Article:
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National Landing's Q1 2024 Market Snapshot

By Ashley Labadie

National Landing’s real estate market in the first quarter showed a promising start to 2024. Here are some exciting trends and insights across all markets — office, multifamily, retail, and hospitality.

A growing in-person workforce

National Landing’s return-to-office trend is growing, with employees returning to in-person, daytime jobs at just under 70% of pre-COVID numbers. This trend is likely to continue as more companies shift their return-to-office policies to three or more in-office days per week. Additionally, as new retail and restaurants arrive to National Landing, in-office work will be supported by more attractive amenities and new destinations.

Office is NOT dead

While markets across the country are right-sizing to hybrid work trends, National Landing’s overall office vacancy rate is stabilizing. In the first quarter of the year, National Landing’s office vacancy was 24.5%, representing a slight increase from the last quarter of 2023. This rate reflects all office buildings including those that are completely vacant and no longer leasing. If only leasable office space in National Landing is considered, the overall vacancy rate was 20.4% at the end of the first quarter – a rate more comparable to surrounding markets. According to recent news, at least two office properties will come offline when remaining leases expire in the second quarter of this year.

With new highly amenitized offerings, employees returning to the office, and vacancy rates stabilizing, National Landing’s future as a thriving downtown is foreseeable. There’s evident progress as plans for a new office building at 1800 South Bell Street were submitted in January for county approval and exterior renovation plans for the office building at 2011 Crystal Drive were approved.

Meeting residential demand

In the first few months of 2024, over 800 new residential units entered the market with the completion of National Landing’s newest high-rise deliveries, The Grace and Reva, at 1900 Crystal Drive. Multifamily demand in National Landing is strong, with more people moving in than out in Q1, driving a slight rise in asking rents. National Landing’s overall asking rent remains just under $3 per square foot, lower than comparison markets teetering around $3.50 per square foot. Later this year, an additional 500 new units will arrive in Potomac Yard with the completion of Hazel and Azure. With over 1,300 residential units delivering this year, 2024 will see the largest delivery of residential units in the last decade. This is a promising trend, as downtowns where people live can sustain vibrant streets and retail.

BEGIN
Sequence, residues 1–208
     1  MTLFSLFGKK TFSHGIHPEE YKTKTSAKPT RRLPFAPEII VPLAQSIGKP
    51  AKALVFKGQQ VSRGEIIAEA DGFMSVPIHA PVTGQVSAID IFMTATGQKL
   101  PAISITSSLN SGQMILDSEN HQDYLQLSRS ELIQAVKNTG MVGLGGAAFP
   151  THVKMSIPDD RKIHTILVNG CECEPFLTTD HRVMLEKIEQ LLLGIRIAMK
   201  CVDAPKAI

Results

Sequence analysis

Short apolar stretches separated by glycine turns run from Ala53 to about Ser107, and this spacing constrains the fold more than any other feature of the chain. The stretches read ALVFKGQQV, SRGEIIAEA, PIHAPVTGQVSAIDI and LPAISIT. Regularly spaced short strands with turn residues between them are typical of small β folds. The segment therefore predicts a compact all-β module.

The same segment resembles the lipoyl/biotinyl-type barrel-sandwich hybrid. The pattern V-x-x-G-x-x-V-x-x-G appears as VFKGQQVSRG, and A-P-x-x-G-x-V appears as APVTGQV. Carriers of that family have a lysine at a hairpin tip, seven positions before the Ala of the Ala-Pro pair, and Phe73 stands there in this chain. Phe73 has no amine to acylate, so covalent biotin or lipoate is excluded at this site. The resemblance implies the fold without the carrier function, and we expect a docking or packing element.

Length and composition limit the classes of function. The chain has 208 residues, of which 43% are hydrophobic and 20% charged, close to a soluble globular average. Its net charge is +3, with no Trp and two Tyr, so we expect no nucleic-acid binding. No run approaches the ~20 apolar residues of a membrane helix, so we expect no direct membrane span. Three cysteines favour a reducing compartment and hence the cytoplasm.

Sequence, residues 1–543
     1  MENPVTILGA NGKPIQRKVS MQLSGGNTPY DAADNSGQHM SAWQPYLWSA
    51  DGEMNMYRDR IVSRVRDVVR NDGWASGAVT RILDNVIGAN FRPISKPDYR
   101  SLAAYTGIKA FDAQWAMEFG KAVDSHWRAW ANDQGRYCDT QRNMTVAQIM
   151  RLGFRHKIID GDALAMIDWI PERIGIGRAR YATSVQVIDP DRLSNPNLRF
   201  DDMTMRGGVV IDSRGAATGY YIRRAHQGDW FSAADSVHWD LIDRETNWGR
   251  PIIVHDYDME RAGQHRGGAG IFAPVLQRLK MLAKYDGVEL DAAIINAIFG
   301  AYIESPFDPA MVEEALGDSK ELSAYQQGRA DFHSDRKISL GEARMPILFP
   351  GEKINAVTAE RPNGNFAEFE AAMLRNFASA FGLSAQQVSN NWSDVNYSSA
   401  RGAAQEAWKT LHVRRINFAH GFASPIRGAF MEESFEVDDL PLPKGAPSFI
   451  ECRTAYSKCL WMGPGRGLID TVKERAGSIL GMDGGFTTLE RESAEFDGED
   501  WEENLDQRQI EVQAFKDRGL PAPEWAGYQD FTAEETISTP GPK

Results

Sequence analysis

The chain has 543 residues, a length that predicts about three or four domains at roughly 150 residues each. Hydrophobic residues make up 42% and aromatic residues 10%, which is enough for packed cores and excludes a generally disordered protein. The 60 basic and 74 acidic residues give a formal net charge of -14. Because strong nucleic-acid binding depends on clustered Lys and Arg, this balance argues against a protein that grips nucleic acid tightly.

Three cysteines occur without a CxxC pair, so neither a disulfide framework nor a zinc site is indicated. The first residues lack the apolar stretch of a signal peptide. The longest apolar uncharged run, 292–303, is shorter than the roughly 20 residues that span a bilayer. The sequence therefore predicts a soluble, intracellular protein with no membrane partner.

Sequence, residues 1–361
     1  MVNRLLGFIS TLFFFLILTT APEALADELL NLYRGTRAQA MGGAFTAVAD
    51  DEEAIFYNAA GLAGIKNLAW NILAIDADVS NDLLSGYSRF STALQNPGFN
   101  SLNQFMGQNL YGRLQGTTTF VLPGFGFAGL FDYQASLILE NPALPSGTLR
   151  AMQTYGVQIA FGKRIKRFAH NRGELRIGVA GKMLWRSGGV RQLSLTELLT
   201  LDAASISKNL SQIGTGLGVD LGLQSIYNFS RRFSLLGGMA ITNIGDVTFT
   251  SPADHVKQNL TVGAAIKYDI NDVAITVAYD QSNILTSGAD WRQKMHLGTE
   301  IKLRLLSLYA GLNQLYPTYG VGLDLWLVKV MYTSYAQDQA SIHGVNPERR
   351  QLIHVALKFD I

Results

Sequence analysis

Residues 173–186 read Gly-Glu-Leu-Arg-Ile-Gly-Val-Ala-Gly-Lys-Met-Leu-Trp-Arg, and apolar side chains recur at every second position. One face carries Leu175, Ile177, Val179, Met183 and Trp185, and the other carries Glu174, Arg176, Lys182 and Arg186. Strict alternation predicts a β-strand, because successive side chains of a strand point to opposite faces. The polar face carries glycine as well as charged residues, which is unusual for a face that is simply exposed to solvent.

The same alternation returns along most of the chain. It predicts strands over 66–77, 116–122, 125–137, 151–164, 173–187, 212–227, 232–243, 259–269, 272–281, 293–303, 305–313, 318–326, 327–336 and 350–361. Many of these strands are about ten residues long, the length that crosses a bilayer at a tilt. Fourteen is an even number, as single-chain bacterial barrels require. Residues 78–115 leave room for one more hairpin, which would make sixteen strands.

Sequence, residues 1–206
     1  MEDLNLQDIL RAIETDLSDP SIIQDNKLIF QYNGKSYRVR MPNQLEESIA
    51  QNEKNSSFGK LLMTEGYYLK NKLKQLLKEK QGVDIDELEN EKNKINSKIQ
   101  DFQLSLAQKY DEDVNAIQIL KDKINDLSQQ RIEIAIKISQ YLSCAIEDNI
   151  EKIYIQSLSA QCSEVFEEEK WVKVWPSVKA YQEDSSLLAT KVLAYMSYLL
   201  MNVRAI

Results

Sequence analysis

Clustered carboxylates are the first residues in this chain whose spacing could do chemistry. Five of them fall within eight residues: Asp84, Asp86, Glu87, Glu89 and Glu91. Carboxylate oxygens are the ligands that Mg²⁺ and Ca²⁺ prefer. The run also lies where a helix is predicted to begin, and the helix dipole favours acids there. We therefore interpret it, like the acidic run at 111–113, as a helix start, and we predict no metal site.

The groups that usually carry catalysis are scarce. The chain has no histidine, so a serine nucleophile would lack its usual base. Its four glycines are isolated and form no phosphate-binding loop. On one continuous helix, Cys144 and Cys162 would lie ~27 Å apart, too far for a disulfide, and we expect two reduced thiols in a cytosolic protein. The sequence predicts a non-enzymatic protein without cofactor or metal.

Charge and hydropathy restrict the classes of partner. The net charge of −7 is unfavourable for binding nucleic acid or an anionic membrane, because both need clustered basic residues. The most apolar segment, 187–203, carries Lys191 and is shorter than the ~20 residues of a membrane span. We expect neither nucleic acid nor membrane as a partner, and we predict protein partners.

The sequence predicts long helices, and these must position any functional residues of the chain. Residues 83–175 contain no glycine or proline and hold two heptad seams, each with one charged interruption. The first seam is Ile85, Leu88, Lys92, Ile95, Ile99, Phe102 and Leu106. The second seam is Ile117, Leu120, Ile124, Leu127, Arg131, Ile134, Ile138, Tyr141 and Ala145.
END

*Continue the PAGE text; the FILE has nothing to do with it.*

The retail comeback

Consumer spending held steady across the U.S. in Q1 for both ecommerce and brick-and-mortar retail, despite persistent inflation. National Landing’s retail areas are seeing an upswing in foot traffic following the end of the 2023 holiday season, and most are seeing as much foot traffic now as they did before the pandemic, in Q1 2019. New retail offerings at the recently renovated Crystal and Clark, at 2450 Crystal Drive, include Subway and New Yorker Grill, with others anticipated later this year. New ground floor restaurants and retail will soon open at The Grace and Reva.

A few establishments around National Landing were lost in Q1 2024, including some of the legacy businesses located in the Crystal City Underground shops. Recognizing the challenges small businesses face in uncertain times, the National Landing BID has partnered with Arlington Economic Development to support the National Landing Relaunch Program, which provides technical assistance to aid businesses in transition.

Hospitality on the rise

Following typical seasonal declines, the hotel market in National Landing had a strong first quarter. Visitor occupancy is up three percent with virtually no rate change from last quarter. National Landing remains a desirable and affordable choice for consumers. Although rates are relatively stable, hoteliers in National Landing earned more money in the first quarter (per room), compared to Q1 2023 and pre-pandemic Q1 2019. Data shows earnings were up nine percent from Q1 2023 and 20 percent from Q1 2019, proving National Landing’s increasingly popular appeal and competitiveness within the region.

Stay tuned for Q2 takeaways

National Landing’s positive start to the year underscores its promising market potential with an increasingly reliable spending base while also validating the journey toward an 18-hour downtown district. Following construction completions in the first quarter, more residents and more retailers will soon call National Landing home, with dozens of eateries and gathering spots anticipated to open before the end of the year, adding to the more than two dozen retail openings in 2023.

Reach out to Ashley Labadie, planning & economic development senior manager, for more detailed market data about National Landing. Be sure to follow us on social media and subscribe to our newsletter for the latest announcements and news about National Landing.

Read our Q4 2023 Market Snapshot.